Tables 3 through 13 show the values of specific financial ratios and performance measures for 2004 and 2005. Table 14 summarizes information for hog farms and grain farms for 2001 through 2005. This section includes 12 tables that are separated into five levels based on different structural or financial categories. The 12 tables are as follows:

Table 3. | Financial
Measures for Farms by Farm Type* |

Table 4. | Financial Measures for Farms by Debt to Asset Ratio |

Table 5. | Financial Measures for Grain Farms by Farm Size Tillable Acres |

Table 6. | Financial Measures for Farms by Farm Size Total Assets |

Table 7. | Financial Measures for Farms by Farm Size Net Worth |

Table 8. | Financial Measures for Farms by Farm Size Value of Farm Production |

Table 9. | Financial Measures for Hog Farms by Farm Size Value of Farm Production |

Table 10. | Financial Measures for Farms by Tenure Level |

Table 11. | Financial Measures for Farms by Net Farm Income Level |

Table 12. | Financial Measures for Farms by Rate of Return on Farm Assets |

Table 13. | Financial Measures for Farms by Age of Operator |

Table 14. | Financial Measures for Hog Farms and Grain Farms, 2001-2005 |

The five groups of financial criteria within each table are:

1. Common-size balance
sheet

2. Common-size income statement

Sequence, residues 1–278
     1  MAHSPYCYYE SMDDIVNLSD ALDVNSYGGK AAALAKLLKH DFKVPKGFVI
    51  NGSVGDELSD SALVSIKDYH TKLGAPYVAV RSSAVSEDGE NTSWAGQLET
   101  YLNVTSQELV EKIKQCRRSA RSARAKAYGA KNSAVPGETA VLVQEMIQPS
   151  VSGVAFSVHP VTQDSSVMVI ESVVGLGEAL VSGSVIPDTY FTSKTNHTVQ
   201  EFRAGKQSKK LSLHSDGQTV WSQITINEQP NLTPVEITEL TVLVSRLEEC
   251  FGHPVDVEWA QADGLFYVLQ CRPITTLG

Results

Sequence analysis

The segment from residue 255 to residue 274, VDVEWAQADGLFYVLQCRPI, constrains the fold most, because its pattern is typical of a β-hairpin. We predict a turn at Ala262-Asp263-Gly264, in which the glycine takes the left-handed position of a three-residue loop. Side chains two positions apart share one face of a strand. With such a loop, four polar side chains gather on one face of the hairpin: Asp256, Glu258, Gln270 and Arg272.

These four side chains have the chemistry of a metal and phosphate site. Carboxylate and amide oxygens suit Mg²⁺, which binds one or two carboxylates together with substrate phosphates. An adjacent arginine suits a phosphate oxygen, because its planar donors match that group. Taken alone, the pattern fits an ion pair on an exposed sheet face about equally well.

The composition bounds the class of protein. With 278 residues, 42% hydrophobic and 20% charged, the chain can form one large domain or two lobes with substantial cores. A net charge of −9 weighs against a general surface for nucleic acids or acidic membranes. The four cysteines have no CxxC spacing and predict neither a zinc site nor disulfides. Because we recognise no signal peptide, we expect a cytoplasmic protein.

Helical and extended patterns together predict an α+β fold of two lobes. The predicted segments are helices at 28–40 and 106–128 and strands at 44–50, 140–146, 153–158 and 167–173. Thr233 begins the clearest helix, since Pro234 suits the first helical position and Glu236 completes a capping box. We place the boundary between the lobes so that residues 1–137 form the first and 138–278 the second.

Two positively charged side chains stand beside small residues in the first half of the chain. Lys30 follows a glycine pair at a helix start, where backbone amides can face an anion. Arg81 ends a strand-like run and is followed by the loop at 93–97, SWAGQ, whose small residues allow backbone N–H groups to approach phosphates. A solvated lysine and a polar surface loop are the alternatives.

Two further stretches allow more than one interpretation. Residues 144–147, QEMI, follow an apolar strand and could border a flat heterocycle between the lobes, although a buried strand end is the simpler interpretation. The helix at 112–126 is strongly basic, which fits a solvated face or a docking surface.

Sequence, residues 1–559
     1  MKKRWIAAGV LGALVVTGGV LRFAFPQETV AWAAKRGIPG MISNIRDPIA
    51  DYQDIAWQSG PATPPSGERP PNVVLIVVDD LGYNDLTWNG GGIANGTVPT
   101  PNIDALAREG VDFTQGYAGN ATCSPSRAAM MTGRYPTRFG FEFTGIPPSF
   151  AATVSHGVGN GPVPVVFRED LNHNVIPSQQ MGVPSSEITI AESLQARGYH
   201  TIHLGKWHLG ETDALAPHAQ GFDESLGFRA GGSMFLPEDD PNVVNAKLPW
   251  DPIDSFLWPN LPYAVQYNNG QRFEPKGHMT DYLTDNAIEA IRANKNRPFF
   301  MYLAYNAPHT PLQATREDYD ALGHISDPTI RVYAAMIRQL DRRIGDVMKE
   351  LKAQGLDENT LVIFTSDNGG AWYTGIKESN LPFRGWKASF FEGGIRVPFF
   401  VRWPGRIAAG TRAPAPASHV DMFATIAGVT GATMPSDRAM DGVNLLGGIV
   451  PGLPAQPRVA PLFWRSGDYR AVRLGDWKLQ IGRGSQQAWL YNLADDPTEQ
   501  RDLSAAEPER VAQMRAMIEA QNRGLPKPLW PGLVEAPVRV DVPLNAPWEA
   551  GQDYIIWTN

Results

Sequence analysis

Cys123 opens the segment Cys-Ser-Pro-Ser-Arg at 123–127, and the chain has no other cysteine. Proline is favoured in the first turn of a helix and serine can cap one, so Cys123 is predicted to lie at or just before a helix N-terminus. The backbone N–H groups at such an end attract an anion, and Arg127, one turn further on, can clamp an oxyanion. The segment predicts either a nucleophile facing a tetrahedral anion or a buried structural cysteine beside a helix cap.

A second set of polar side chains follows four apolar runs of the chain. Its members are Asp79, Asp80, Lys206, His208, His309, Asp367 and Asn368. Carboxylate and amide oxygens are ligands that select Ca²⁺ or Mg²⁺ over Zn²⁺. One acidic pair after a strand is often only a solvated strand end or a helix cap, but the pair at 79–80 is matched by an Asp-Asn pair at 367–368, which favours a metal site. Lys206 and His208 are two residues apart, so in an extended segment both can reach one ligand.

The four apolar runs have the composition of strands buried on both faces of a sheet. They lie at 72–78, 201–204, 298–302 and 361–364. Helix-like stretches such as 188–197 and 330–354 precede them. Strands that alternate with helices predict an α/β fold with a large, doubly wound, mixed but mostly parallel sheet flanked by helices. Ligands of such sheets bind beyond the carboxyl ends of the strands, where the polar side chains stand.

3. Farm size and tenure ratios

4. Financial ratios

5. Absolute size in financial terms

A common size balance sheet and income statement report each item as a percentage of total assets or value of farm production, respectively. Common size statements are calculated for each farm and then averaged for a particular group. (Due to rounding, some of the figures may not add to 100 percent.) Average farm size (in tillable acres) and tenure for farms in each category are listed to provide further insight.

The financial ratio section summarizes many ratios widely used in farm financial analysis. The ratios are grouped into four major categories: profitability, liquidity, solvency and coverage, and financial efficiency. Each ratio has three values: the upper quartile, median and lower quartile.

Each ratio is calculated for each farm and then sorted in order from strongest to weakest. (Opinions differ on what is a strong or a weak value for certain ratios. Procedures consistent with RMA, along with guidelines commonly followed by the lending industry, are used to determine a strong or weak value for each ratio.) The upper quartile is the ratio value exceeded by one fourth of the farms in the category. The lower quartile is the ratio value exceeded by three fourths of the farms. The median is the ratio value exceeded by one half of the farms in the category. Using quartile data also allows one to analyze the distribution of the ratio within each category.

The quartile values in the ratio section of the tables are shown on the tables in the following order:

•Upper Quartile

•Median

•Lower Quartile

Some adjustments in the data are needed to account for the effects of extreme outliers. For example, when the current ratio equals 1,000 or greater a "999.00" designation is assigned to that specific value. In other specific cases another value may be assigned to atypical values. These cases are addressed individually in the computation discussion of the specific ratio.

The mean values for specific
items on the balance sheet and income statement are reported at the bottom of
each table. These figures could be used to convert the common size statements
into actual financial statements for the average farm in each category.

* Measures for 2004 and 2005 for "All Farms"
without grouping are included in this table only.